But if you live in a rural area and only get to do a major grocery trip once a month? Yeah, you should probably roughly know what you’re going to cook the next four weeks or so.
It still doesn’t mean you have to map out every. single. breakfast if that’s taking you too much time.
Or even just if it gives you a slight headache.
Because that will build up to one major headache over time, trust me.
It’s enough if you know how many bags of oats and toast you need.
And maybe a few eggs.
„Meal prepping once a month is the ONLY way to go as a busy mom!”
I like having chopped vegetables in the fridge or freezer, I really do.
But I’m a creature of habit. If I don’t do my hour in the kitchen every night, I start slacking.
And in comes the frozen pizza, because I didn’t realize it’s almost 5.30pm already.
Also, I lack the time and patience for an entire weekend of cooking.
And the freezer space.
Seriously though. Isn’t planning, prepping, cooking and freezing an entire 30 days worth of food a little intimidating?
Don’t get me wrong here, meal prep is important. Without at least a little prep, dinner time will get seriously stressful if you want to cook from scratch.
And cookie dough, obviously.
But if you lack the patience for that much pre-cooking and pre-planning, I promise you still won’t sink your kitchen ship.
Look, I’ve been there.
I believed in every single meal planning wisdom out there at some point. And meal planning became my biggest nightmare.
It usually started with two hours of scrambling around for recipes and ended in tears of despair.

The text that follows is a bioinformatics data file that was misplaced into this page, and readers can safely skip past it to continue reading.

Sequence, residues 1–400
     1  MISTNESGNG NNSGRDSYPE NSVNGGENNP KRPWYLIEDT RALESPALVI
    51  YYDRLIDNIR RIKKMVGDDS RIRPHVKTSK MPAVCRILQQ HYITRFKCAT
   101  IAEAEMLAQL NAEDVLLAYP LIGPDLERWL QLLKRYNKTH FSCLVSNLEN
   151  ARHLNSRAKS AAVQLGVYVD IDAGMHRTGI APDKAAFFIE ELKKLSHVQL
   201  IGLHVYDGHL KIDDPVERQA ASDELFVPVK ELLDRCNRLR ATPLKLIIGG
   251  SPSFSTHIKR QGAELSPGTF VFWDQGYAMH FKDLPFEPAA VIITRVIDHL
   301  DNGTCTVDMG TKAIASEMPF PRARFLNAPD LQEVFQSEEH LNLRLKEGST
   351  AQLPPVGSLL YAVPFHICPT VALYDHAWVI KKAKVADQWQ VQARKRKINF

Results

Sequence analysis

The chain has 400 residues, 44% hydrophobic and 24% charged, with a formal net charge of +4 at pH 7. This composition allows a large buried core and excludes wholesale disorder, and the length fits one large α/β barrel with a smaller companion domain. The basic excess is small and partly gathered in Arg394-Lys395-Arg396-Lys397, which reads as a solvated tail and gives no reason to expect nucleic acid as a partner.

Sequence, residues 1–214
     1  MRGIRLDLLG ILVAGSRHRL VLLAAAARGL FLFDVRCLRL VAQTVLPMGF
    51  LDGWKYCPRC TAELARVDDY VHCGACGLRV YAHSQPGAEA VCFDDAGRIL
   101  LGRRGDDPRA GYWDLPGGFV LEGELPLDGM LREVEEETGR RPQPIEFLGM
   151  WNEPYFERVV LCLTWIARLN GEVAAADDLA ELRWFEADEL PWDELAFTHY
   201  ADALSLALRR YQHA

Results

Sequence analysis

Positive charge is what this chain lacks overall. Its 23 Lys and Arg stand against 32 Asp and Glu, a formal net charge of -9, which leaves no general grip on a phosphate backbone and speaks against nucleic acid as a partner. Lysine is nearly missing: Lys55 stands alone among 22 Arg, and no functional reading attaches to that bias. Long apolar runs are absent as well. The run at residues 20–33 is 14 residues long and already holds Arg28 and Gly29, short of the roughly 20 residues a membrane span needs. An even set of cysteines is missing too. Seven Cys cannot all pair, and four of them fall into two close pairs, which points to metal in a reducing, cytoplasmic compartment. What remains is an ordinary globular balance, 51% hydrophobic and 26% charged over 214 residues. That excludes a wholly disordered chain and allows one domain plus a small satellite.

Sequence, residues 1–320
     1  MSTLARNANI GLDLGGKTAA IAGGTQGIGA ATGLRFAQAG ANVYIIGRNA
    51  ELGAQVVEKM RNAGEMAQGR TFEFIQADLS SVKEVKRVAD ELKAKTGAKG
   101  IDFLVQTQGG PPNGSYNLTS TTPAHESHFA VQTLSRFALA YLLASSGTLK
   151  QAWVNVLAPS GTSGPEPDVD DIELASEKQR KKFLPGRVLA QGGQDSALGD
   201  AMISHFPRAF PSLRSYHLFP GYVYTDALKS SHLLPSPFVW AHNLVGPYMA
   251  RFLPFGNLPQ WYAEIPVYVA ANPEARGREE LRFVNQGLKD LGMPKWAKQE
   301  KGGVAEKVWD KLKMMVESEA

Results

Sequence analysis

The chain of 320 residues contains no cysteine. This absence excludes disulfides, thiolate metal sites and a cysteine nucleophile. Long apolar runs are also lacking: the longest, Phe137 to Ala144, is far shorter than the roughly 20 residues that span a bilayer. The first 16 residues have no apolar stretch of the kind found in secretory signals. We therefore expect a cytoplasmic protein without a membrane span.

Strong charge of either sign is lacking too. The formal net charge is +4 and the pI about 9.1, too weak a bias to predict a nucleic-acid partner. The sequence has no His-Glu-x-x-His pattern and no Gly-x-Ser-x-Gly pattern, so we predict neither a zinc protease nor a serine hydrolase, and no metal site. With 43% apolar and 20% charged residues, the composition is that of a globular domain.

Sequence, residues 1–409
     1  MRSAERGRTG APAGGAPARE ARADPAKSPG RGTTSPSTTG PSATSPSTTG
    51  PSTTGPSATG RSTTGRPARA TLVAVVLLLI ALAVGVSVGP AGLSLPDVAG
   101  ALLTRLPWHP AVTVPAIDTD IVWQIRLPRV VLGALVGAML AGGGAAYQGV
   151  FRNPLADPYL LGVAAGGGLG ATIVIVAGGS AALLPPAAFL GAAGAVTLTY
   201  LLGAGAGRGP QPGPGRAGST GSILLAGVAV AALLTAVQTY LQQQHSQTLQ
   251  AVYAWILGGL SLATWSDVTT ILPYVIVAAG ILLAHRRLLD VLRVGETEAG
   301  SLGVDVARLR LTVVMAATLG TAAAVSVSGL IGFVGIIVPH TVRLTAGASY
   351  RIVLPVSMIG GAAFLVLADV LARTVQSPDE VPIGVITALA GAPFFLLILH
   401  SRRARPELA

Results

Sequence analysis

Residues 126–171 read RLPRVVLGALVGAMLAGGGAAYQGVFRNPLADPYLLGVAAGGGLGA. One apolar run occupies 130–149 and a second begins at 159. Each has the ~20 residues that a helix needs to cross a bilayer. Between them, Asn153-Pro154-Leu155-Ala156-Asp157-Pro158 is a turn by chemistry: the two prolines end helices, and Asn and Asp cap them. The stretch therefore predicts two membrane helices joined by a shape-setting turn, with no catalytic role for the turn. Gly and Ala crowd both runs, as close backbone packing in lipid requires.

I wish I was joking earlier in this post, but meal planning did actually make me cry.
One of the main problems contributing to why you’re struggling with meal planning for your family? What all three points I discussed above have in common?
They’re skills. Seriously. Real, actual skills.
And are we able to excel at a skill from day one? No. We learn, and we strive towards improving those skills, until they are second nature to us.
And not every personality is suited to match up with every skill, so you’ll have to figure out what works for you and what doesn’t along the way.
Especially if you’re just starting out, making meal planning an overwhelming task will set you up for failure instantly.
So instead of never even starting with getting your family dinners organized because all the information seems unmanageable, do this:
Start out small. Don’t overplan. And do what you can right now.
If you keep doing it, if you keep learning, it will get easier, until you’ll eventually forget you ever had troubles with cooking dinner.
want to know more?
I have put together a completely free 4 day meal planning course.
It’s designed to challenge some beliefs you might have about meal planning that could hold you back from being successful.
You’ll get your first lesson immediately.
It is an easy start, all about what meal planning can do for you.
After that, the remaining days cover three big factors in making your planning fail, and provide tips on how to avoid those mistakes.
See you there!